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Will coho salmon survive us?

RECENT DECISIONS by Marin supervisors may destroy any chance of saving the critically endangered coho salmon from extirpation in Marin’s most important watershed, the San Geronimo Valley.

In the past month, supervisors have overturned two unanimous decisions by the Planning Commission, which will allow building in the “protected” Stream Conservation Area. The decisions allow the permanent destruction of streamside habitat critical to the survival of our beloved coho salmon and set an unpardonable precedent that cannot be allowed to stand.

A landowner will be allowed to build his “dream house” not to replace, but to augment his current dwelling, by adding an additional home and garage totaling 4,000 square feet inside the 100-foot streamside setback.

Why does this matter? Streams are the lifeblood of terrestrial ecosystems, just like our own circulatory systems are to our bodies. They sustain all life and provide the vast majority of the potable water for Marin, which comes from dammed portions of Lagunitas and Nicasio Creeks. Below these dams, streams transport stormwaters to the sea, preventing floods and stagnant waters that harbor mosquitoes and water-borne illnesses.

Streams are the migratory pathways and spawning and nursery habitat for salmon, who also transport nutrients from the ocean environment back onto land, helping sustain healthy forests and wildlife populations.

Just like our own circulatory system, stream ecosystems only work if they are attached to a functioning system. In the case of streams, that includes a necessary buffer zone of forest habitat.

Without these forests, streams do not provide crucial ecosystem services to us such as clean water and protection from flooding. Without trees, the banks erode, doing significant damage to our adjacent properties. Bank failures also cause siltation that harm salmon and other aquatic wildlife. And without these forests, young salmon cannot survive, as they need the insect-prey that falls from the tree canopies, the cool water their shade provides and the complex in-stream refuge structures.

Besides salmon, 225 species of birds, mammals, reptiles and amphibians in California depend on streamside habitat for their survival, yet nearly 95 percent of this habitat has been destroyed.

In 1994, the Marin Community-wide Plan recognized the importance of streamside habitats and called for their protection. Unfortunately, for nearly 10 years these policies were never codified as regulations, as required by law. In 2002, supervisors passed a very weak Stream Conservation Area ordinance, which called for 100-foot setbacks from streambanks in West Marin.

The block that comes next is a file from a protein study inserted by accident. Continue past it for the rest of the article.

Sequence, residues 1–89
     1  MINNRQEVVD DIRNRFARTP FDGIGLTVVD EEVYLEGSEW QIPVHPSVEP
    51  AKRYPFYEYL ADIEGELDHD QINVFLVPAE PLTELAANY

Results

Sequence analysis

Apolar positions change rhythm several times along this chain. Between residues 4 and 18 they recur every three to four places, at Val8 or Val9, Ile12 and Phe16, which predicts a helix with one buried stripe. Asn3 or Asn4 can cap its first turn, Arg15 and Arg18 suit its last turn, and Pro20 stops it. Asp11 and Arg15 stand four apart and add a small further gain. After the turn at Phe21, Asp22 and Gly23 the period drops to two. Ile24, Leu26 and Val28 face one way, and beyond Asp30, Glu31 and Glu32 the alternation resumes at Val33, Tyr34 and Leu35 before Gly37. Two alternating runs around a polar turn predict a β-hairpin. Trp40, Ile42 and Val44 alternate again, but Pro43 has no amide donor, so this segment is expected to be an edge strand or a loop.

Unfortunately, for a small minority of Marin residents, that may mean that if they want to build their “dream homes,” they need to purchase property suitable for accommodating their desires, or modify their “dreams” to accommodate the ecological limitations of sensitive properties. In this way, the collective “dreams” (as codified in the legal policies set forth in the San Geronimo Valley Plan) of the community, that allow for healthy streams and healthy salmon populations to co-exist with humans, will be maintained.

Regrettably, the current ordinance has enough loopholes to drive a bulldozer through. In fact, in the San Geronimo Valley, which may have the densest population of critically endangered wild coho salmon left anywhere in California, and is under the greatest threat from development, the loopholes in the ordinance threaten to make protections meaningless for more than two-thirds of all streamside parcels.

While Salmon Protection and Watershed Network volunteers spend thousands of hours each year repairing damage to riparian habitat, as do other Marin organizations, and government agencies spend millions of our tax dollars on stream repairs in Marin, our supervisors continue to approve more developments that cause new harm.

If we want to leave a legacy of environmental protection in Marin that includes healthy populations of coho for our children and grandchildren, then we must make supervisors live up to their environmental sustainability rhetoric by creating and enforcing meaningful stream protection regulations.

We need your help. Contact us at spawn@SpawnUsa.org or visit www.SpawnUSA.org.

Todd Steiner is executive director and Paola Bouley is watershed biologist for SPAWN, the Salmon Protection And Watershed Network. They serve individually or collectively on the Lagunitas Creek Technical Advisory Committee, Tomales Bay Watershed Council, Cordell Bank National Marine Sanctuary Advisory Council and the Tomales Bay Association.